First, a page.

BRIEF SUMMARY OF THE INVENTION

The present invention is a tuned mass damper (“TMD”) for a stay cable, a TMD-damped stay cable and cable-stayed bridge including same, and a method of damping a stay cable employing a TMD.

BRIEF DESCRIPTION OF THE SEVERAL VIEWS OF THE DRAWING

FIG. 1 is a perspective view of a TMD-damped cable-stayed bridge of the invention;

FIG. 2 is a diagrammatic side view of one side of the TMD-damped cable-stayed bridge of FIG. 1;

FIG. 3 is a diagrammatic cross-section view of a cable of the TMD-damped cable-stayed bridge of FIG. 1 taken along section line 33 of FIG. 1;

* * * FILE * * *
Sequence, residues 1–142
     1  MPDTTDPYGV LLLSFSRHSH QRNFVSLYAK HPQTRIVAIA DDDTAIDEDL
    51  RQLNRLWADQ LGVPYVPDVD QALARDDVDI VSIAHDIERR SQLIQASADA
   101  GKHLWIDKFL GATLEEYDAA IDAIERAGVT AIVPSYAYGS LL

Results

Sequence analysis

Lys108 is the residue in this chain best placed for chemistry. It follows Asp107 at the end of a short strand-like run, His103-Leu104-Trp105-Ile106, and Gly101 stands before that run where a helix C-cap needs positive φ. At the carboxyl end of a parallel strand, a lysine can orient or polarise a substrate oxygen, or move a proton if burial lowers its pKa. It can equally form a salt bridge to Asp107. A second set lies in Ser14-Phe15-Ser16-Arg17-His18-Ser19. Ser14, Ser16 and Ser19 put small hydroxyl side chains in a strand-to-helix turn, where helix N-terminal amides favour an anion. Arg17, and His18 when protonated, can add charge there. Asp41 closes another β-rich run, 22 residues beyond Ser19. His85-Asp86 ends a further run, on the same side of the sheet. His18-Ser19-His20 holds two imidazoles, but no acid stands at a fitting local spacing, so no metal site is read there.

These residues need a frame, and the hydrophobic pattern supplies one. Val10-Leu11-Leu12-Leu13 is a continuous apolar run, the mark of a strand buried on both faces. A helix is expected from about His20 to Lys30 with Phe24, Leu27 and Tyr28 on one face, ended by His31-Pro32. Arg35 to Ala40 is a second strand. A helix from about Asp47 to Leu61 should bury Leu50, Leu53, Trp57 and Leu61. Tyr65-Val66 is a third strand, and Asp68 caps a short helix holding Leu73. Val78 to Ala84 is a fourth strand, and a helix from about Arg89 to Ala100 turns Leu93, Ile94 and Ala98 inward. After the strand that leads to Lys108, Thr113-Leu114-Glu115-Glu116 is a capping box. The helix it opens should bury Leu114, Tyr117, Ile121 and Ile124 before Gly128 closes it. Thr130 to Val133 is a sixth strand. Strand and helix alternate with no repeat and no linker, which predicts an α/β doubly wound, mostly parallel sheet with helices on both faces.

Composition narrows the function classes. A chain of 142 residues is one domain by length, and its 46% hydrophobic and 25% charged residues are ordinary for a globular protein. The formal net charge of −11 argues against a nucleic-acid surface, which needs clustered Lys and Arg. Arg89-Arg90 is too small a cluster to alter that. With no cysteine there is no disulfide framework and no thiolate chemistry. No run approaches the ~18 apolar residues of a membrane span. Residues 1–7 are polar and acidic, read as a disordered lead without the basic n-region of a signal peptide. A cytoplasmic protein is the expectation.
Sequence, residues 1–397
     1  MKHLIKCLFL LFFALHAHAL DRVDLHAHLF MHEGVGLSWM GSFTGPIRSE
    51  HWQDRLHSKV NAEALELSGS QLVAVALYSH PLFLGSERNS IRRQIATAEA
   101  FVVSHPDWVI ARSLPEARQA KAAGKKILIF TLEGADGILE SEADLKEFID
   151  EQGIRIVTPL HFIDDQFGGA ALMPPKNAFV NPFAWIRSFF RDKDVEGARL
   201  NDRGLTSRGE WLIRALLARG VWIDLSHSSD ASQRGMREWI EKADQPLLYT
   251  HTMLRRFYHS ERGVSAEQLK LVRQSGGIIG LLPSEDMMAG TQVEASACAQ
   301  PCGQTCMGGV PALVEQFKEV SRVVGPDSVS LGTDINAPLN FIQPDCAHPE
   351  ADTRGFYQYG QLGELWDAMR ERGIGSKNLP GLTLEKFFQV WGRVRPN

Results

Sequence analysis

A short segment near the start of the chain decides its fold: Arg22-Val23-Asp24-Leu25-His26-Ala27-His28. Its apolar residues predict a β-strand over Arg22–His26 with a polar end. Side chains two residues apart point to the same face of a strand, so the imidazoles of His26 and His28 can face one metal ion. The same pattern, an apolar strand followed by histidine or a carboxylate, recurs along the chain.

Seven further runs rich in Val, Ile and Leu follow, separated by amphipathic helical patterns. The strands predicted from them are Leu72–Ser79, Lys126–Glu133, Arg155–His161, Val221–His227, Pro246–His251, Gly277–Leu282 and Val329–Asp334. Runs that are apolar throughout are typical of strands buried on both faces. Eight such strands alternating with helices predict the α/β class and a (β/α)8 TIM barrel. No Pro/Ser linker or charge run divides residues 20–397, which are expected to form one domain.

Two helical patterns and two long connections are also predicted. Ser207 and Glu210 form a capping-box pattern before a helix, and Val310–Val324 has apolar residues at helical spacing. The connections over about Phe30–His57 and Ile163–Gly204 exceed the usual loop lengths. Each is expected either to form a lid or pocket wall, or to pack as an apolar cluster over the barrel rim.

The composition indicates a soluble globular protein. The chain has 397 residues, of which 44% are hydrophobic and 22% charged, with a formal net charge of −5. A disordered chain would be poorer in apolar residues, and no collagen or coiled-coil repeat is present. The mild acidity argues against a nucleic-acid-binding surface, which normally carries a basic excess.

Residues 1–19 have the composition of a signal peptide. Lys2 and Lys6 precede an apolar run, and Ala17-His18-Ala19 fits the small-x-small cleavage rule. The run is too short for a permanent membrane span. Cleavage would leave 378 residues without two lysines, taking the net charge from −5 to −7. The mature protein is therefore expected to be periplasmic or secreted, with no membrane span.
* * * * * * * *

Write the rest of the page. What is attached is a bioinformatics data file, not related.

FIG. 4 is a partially diagrammatic perspective view of a TMD and a section of the cable on which it is mounted of the TMD-damped cable-stayed bridge of FIG. 1;

FIG. 5 is a partially diagrammatic section view of a TMD and a section of the cable on which it is mounted of the TMD-damped cable-stayed bridge of FIG. 1, the cable and the TMD being partially cut-away;

FIG. 6 is a partially diagrammatic cross-section view of a TMD and the encircled cable of the TMD-damped cable-stayed bridge of FIG. 1; and

FIG. 7 is a graphical comparison of the degree of vibrations versus time between an undamped model cable and the same cable with TMD damping of the present invention.

DETAILED DESCRIPTION OF THE INVENTION